What was DOL thinking? That the FLSA applied to volunteers whom a pastor spiritually "coerced" to work at a church-owned restaurant, even though they didn't expect payment? Not so, says the 6th Circuit. Acosta v. Cathedral Buffet (6th Cir 04/16/2018) [PDF].
The Department of Labor sued Cathedral Buffet claiming violations of the minimum wage requirement of the Fair Labor Standards Act (FLSA). The trial court held a bench trial and found in favor of DOL; the 6th Circuit reversed.
No expectation of being paid: Cathedral Buffet is a for-profit restaurant whose sole shareholder is a non-profit religious organization. DOL's position was that the restaurant's "volunteers" were actually employees. Volunteers performed many of the same restaurant-related tasks as employees: cleaning, washing dishes, serving cake, chopping vegetables, and manning the cash register. However, employees received an hourly wage; volunteers did not. The 6th Circuit held that the volunteers could not be classified as employees because they did not expect to receive any compensation. The trial court improperly applied the economic realities test, which can come into play only after first determining that workers expected remuneration.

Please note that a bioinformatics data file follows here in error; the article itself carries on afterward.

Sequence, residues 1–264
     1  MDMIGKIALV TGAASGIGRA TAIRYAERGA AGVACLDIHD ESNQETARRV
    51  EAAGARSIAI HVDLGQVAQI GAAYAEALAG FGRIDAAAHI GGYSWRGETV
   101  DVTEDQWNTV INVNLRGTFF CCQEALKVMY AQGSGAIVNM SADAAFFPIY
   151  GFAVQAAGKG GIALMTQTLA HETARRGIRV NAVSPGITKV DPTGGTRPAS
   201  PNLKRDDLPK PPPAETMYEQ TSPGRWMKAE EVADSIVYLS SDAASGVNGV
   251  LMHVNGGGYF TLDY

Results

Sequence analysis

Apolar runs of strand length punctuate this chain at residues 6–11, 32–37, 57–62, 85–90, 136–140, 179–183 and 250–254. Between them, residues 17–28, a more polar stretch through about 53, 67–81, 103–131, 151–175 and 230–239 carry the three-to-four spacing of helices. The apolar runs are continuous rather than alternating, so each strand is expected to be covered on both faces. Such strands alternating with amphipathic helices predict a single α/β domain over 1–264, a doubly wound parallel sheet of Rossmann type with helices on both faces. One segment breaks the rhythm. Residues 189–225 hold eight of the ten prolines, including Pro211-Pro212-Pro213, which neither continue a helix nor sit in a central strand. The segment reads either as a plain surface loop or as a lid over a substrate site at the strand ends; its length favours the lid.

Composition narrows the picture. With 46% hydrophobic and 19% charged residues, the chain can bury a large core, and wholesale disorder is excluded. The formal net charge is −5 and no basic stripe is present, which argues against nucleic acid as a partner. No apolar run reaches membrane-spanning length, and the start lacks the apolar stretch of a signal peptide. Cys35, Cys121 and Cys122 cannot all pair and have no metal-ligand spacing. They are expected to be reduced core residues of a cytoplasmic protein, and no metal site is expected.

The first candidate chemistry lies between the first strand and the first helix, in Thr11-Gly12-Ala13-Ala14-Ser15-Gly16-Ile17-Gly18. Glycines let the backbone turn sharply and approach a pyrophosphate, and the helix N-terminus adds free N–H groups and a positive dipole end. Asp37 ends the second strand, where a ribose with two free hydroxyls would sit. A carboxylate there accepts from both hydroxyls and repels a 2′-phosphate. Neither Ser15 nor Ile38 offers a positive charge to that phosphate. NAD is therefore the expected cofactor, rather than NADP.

Spiritual coercion: DOL also argued that the volunteers were coerced into working, and that coercion can satisfy the expectation-of-remuneration requirement. But the coercion in this case was spiritual (pressure from a church pastor) rather than economic, so the workers were not employees.
A concurring opinion argued that DOL's "premise—namely, that the Labor Act authorizes the Department to regulate the spiritual dialogue between pastor and congregation—assumes a power whose use would violate the Free Exercise Clause of the First Amendment."